Dr. Jillian T. Weiss

National LGBT Bar Association's Lavender Law Conference

Filed By Dr. Jillian T. Weiss | August 25, 2010 11:30 AM | comments

Filed in: The Movement
Tags: Lavender Law, law, lawyers, legal, LGBT Bar Association, Transgender Law Institute

Every year, the sharpest legal minds in the lesbian, gay, bisexual and transgender (LGBT) community gather at the National LGBT Bar Association's annual Lavender Law conference and career fair.

It's happening tomorrow through Saturday in Miami Beach. Miami in August? What were you thinking, National LGBT Bar Association? The weather's going to be in the 90s, and humid. I've got my bathing suit. I think I'll be leading some seminars over at the pool.

Hundreds of practicing attorneys, dozens of scholars, over 500 students and many leading members of the judiciary are expected to attend over the course of this year's events.

And Thursday is the Transgender Law Institute, an all-day workshop on trans legal issues for practitioners and academics in the field. We've been planning it over the last six months or so, and I'm really looking forward to it.

There's several other fascinating items about the conference after the jump.

The highlights of the conference on Thursday are the Career Fair (great for law students looking for a job), the Transgender Law Institute (here's the agenda and a list of resources available for download; we've got 75 people coming!), the Family Law Institute, the Intellectual Property Symposium, and the Corporate Counsel meeting (I know a lot of attorneys who would love this 9-5 gig).

That night, Jon Davidson, the Legal Director for Lambda Legal, is getting the Dan Bradley Award. There will also be recognition of the Best LGBT Lawyers Under 40.

There's some cool plenaries, including "Real Change: LGBT Issues and the Administration," "Relationship Recognition: Ends, Means, and the Path Ahead," and "Straight Allies Speak Out: Will Diversity in the Profession be the Biggest Casualty of the Recession?"

Here's a list of all the workshops. I'm thinking of going to "Putting T Issues Front & Center," "Practicing Employment Law & Winning For Your Clients: Perspectives from Both Sides of the Table," "Transgender Mentorship Panel: Building Future Leaders," and "LGBT Youth in Foster Care and Juvenile Justice."

There's also the Michael Greenberg Student Writing Competition Awards, won this year by Tina Sohaili, University of Southern California Gould School of Law, who wrote "Securing Safe Schools: Using Title IX Liability to Address Peer Harassment of Transgender Students." Two runners-up also wrote some interesting papers. Maureen Brocco, University of Maryland School of Law, wrote "Familiar Stories: An International Suggestion for LGB Family Military Benefits After the Repeal of 'Don't Ask, Don't Tell," and Alison Davidian, Harvard Law School, wrote "Beyond the Locker Room: Changing Narratives on Early Surgery for Intersex Children."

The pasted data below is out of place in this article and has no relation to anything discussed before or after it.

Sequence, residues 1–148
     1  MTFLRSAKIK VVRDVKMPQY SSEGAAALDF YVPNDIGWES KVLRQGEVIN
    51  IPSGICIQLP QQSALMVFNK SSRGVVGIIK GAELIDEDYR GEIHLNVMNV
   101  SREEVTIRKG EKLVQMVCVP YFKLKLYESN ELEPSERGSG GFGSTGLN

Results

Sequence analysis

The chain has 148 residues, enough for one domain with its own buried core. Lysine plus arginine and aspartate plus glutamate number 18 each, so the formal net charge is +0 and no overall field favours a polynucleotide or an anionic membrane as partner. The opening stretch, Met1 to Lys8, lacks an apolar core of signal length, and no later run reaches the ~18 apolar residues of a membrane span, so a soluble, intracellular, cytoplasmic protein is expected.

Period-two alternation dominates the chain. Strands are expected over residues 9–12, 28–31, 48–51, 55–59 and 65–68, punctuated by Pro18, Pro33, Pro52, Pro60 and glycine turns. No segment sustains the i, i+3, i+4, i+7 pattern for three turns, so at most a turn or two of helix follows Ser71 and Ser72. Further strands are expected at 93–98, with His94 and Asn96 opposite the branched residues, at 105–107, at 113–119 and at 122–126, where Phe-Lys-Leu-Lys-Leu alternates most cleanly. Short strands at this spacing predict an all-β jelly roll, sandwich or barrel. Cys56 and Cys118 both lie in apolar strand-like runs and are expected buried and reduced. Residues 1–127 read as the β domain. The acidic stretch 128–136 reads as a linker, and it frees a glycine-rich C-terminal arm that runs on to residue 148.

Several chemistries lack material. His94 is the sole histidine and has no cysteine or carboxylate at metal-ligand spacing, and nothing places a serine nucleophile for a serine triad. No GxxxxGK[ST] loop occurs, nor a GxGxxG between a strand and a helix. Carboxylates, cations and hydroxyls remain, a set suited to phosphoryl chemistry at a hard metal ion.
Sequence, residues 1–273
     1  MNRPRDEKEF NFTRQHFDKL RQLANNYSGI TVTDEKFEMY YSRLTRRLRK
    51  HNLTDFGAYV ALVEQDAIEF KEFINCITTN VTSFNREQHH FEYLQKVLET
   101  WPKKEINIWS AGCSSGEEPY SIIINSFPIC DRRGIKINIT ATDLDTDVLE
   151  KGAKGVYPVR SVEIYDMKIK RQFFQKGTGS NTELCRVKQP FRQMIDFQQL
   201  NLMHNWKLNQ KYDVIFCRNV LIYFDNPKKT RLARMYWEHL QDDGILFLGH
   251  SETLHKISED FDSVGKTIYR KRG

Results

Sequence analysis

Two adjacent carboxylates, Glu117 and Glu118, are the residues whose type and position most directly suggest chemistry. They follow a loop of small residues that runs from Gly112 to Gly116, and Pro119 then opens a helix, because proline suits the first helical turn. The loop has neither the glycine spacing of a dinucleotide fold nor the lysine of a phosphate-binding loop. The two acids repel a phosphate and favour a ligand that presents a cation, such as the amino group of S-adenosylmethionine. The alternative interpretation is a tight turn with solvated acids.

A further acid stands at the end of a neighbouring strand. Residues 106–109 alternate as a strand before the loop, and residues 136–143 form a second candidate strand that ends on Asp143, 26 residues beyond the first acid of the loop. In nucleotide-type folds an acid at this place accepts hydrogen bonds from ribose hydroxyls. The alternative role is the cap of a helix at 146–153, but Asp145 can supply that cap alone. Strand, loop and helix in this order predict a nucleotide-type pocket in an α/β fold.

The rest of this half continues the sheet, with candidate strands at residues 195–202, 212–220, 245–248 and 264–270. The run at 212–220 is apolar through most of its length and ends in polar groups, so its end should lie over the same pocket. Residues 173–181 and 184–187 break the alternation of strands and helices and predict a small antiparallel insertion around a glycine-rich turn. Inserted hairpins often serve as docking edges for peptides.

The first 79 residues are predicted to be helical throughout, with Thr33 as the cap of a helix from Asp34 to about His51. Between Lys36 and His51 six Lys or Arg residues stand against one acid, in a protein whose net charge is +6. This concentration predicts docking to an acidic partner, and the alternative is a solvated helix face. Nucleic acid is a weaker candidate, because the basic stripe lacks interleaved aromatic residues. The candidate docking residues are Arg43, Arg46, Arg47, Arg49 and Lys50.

The Student Leadership Award this year is given to C. Hays Burchfield, a recent grad of the University of Mississippi Law School. Burchfield worked aggressively to create an OUTlaw group at Ole Miss. He also assisted the ACLU of Mississippi with legal research surrounding Constance McMillen's right to attend prom with her girlfriend, Ceara Sturgis' desire to wear a tuxedo in her yearbook senior picture, and the right of Juin Baizea (a transgender student) to attend public high school wearing "traditionally female attire." The runner-up, Danielle Hawkes, is a recent graduate from the University of Utah S.J. Quinney College of Law. She co-founded a LGBT legal clinic in Salt Lake City (!)

The rest of the time, you can find me at the pool.

The full agenda can be found here.


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Why do they always make conferences in these horrible climes? Netroots Nation in Vegas in July. Creating Change this year is in Minneapolis in early February. Do they just go for the whole "how cheap can we get the off season prices?" route?

Looking at the Transgender Law Institute's agenda it appears that the "...the sharpest legal minds in the lesbian, gay, bisexual and transgender (LGBT) community..." don't seem to think that the marriages of heterosexual post ops are worth discussing. Not surprising really.

It's not that Susan. Marriage rights are definitely important, but we only have time for so much in the day, and we had to make choices. We went with the issues that the conference committee felt to be most common for trans clients, and most rapidly developing in the law. From a lawyer's point of view, the issues of employment, identity docs, health care and sex segregation are likely to come up more often and there's lots happening legally in those areas.